Author’s note: The last three times I tried to write a day game preview, the Yankees made last minute lineup changes. But I’m going to keep trying this anyway…
Because I spend so much time criticizing Joe “Joey Bullpen” Girardi’s bullpen mis-usage, his ineptitude with lineup setting flies under the radar.
Today’s lineup, in order is:
- Brett Gardner
- Aaron Hicks
- Aaron Judge
- Gary Sanchez
- Didi Gregorius
- Todd Frazier
- Chase Headley
- Jacoby Ellsbury
- Ronald Torreyes.
That is an awful effort by the manager. I’ll preface with a few things:
I get the Yankees have roster issues when facing left handed pitching – they aren’t very good against lefties – it isn’t really more complicated than that. That’s not Joe’s fault of course, that’s Brian Cashman’s. But that doesn’t mean Joey Lineup can’t maximize what he has. He usually doesn’t, and today’s lineup isn’t even close to what could be their best lineup and batting order.
Secondly, and as previously noted here, Gardner should not be leading off regardless of the pitcher on the mound. If you are still under the mindset of the speedy guy leads off because he’s speedy, I have bad news for you: Attempting to steal bases when your best hitters are coming up is bat shit crazy.
However, when slap hitting contact hitters are coming up, being on 2nd base is a huge advantage over being on first as you can score on a single, so a stolen base attempt is often worth the risk. (When Judge and Sanchez are coming up, it really isn’t that big of a difference if you’re on 1st or 2nd base – when Torryes is, there is a huge difference). Plus, no one has ever said “Damn, you took the bat out of Torreyes’ hands by getting thrown out trying to steal!” Gardner’s skill set – the ability to steal bases, the ability to draw walks and a little pop are very valuable in the 5th or 6th spot, mostly wasted in the leadoff spot.
Back to the roster: The Yankees have four players in today’s lineup with on base percentages below .300 against left handed pitching – Gregorius .299, Gardner .290, Headley .257 and Ellsbury .247. That’s not quite four easy outs in your lineup but it’s pretty close. Again, not Girardi’s fault but what is Girardi’s fault is putting two of the four within the first five batters of your lineup, and…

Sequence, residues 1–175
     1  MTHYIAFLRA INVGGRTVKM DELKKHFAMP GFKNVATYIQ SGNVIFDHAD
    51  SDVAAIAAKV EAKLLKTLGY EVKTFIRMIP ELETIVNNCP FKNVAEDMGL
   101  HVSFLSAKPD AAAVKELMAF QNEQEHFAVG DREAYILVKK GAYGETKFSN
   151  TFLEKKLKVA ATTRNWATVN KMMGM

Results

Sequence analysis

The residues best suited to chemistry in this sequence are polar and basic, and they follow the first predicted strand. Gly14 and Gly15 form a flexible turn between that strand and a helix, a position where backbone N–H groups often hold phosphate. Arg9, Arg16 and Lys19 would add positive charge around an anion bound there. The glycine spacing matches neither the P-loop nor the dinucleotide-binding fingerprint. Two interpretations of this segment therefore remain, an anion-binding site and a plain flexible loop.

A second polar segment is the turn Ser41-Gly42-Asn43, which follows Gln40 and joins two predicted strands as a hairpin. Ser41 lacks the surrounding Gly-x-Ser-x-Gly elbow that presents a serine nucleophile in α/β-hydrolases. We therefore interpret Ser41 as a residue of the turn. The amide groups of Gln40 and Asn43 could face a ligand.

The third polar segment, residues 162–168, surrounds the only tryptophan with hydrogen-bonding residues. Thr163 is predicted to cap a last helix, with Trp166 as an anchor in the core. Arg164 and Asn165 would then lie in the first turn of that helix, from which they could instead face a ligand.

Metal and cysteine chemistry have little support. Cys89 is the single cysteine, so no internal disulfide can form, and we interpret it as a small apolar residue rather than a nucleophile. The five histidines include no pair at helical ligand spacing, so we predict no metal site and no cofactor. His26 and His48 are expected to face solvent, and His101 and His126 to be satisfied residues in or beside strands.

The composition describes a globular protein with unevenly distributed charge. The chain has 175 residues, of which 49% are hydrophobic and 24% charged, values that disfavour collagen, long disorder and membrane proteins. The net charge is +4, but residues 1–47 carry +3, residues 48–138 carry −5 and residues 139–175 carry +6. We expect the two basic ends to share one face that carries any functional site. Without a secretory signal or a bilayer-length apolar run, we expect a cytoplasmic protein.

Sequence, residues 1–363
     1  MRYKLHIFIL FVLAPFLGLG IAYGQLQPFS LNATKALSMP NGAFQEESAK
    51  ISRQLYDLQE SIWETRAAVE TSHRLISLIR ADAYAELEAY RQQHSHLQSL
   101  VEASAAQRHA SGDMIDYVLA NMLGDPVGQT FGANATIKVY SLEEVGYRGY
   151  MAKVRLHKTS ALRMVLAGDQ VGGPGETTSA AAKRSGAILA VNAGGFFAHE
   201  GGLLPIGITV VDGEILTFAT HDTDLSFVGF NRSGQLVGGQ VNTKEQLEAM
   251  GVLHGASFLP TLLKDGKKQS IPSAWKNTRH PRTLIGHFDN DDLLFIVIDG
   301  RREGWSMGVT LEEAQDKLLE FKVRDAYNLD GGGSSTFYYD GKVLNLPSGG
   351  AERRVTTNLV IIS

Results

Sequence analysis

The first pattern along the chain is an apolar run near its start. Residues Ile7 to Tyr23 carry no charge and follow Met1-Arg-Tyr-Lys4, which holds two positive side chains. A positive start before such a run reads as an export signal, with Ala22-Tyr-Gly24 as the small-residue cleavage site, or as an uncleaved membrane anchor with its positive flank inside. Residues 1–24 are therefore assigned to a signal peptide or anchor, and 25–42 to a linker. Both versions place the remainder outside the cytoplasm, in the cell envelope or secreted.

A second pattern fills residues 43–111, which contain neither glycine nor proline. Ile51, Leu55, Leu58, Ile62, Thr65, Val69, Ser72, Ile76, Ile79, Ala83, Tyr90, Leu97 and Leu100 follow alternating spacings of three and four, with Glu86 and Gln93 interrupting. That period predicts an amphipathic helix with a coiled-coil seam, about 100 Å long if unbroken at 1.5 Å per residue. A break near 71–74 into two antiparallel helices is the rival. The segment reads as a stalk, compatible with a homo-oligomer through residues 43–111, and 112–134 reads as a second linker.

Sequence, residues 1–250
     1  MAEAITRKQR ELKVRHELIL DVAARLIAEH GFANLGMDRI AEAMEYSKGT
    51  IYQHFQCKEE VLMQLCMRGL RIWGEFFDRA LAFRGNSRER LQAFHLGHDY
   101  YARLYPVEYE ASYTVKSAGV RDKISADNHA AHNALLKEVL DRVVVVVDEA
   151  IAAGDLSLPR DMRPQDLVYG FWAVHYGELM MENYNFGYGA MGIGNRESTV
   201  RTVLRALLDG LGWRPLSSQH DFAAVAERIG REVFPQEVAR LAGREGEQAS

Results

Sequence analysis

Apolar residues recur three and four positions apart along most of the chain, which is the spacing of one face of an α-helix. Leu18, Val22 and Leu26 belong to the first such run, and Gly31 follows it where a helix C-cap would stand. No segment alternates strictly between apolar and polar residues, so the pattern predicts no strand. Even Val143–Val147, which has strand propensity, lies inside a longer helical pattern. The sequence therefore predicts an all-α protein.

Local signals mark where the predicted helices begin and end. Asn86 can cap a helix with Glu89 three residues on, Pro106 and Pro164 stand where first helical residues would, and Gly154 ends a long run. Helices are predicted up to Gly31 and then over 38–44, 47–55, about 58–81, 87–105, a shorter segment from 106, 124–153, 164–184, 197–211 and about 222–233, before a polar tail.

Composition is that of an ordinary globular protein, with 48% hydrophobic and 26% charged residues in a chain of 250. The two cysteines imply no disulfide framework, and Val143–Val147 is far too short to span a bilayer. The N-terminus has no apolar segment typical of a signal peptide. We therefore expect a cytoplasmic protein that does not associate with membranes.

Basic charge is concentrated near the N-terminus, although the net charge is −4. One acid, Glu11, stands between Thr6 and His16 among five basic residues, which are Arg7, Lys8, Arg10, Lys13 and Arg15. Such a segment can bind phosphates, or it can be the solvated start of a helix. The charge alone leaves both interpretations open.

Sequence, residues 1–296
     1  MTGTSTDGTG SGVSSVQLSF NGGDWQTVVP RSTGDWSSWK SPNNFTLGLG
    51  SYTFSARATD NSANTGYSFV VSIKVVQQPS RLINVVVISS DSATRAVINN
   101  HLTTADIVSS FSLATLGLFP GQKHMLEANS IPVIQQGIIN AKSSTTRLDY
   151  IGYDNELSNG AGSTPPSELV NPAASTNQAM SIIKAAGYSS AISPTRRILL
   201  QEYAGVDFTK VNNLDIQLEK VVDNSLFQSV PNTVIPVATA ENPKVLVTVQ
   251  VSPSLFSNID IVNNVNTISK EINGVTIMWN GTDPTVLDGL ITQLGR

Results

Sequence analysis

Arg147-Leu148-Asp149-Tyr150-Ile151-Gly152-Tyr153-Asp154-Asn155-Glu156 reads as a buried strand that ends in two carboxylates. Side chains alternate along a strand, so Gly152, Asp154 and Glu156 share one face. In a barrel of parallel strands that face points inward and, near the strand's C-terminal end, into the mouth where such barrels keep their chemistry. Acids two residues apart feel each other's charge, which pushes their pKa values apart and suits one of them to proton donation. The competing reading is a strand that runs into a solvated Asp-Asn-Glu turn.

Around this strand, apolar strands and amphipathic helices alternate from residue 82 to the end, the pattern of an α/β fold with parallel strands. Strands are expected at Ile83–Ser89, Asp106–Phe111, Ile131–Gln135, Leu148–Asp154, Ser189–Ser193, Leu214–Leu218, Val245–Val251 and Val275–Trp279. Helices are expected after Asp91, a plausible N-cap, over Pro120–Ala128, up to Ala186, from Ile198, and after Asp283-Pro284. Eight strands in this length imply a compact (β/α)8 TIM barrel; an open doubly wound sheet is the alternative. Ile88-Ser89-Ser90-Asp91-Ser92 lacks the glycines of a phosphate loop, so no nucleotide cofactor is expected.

…Garrett Cooper is on the bench. I’ve been screaming from day one that Cooper needs to be in the lineup pretty much every day. There really isn’t a good reason to have either Chase Headley or Todd Frazier ahead of him on the depth chart. But on a day when you’re facing a lefty, with the aforementioned stats, having a righty with his track record on the bench makes zero sense. None. He can either DH which would put Judge in right field or he can play instead of Headley and his .257 OBP vs. lefties.
If it were me, today’s lineup would be unusual, but as I said that’s due to roster construction. That, and due to my proclivity to base decisions on data and evidence, not what John McGraw did in 1914. If you want to maximize your chances versus a left handed pitcher, this is what the batting order should be (this is with the 9 players Joey Lineup has chosen to play today – but as noted, I would have Cooper in there):
Quick notes: Frazier is a better all-around offensive player than Torreyes, hence him getting the nod to lead off despite his .326 OBP to Torreyes’ .360 vs. lefties.
I put Headley ahead of Ellsbury just to separate the lefties. Hopefully, Cooper will be hitting for one of them today at some point.
Now despite the issues of roster construction and the stats I mentioned, my lineup doesn’t look like a bad lineup to me. I think you’ve taken what could be a shit show and made it into something Drew Pomeranz may struggle with.
Thanks again to Baseball Reference for the stats.
And if you really want to understand lineup construction, read “The Book” by Tom Tango, Mitchel Lichtman and Andrew Dolphin. Or if you have a specific question as to some other aspect of my lineup I didn’t mention, ask away.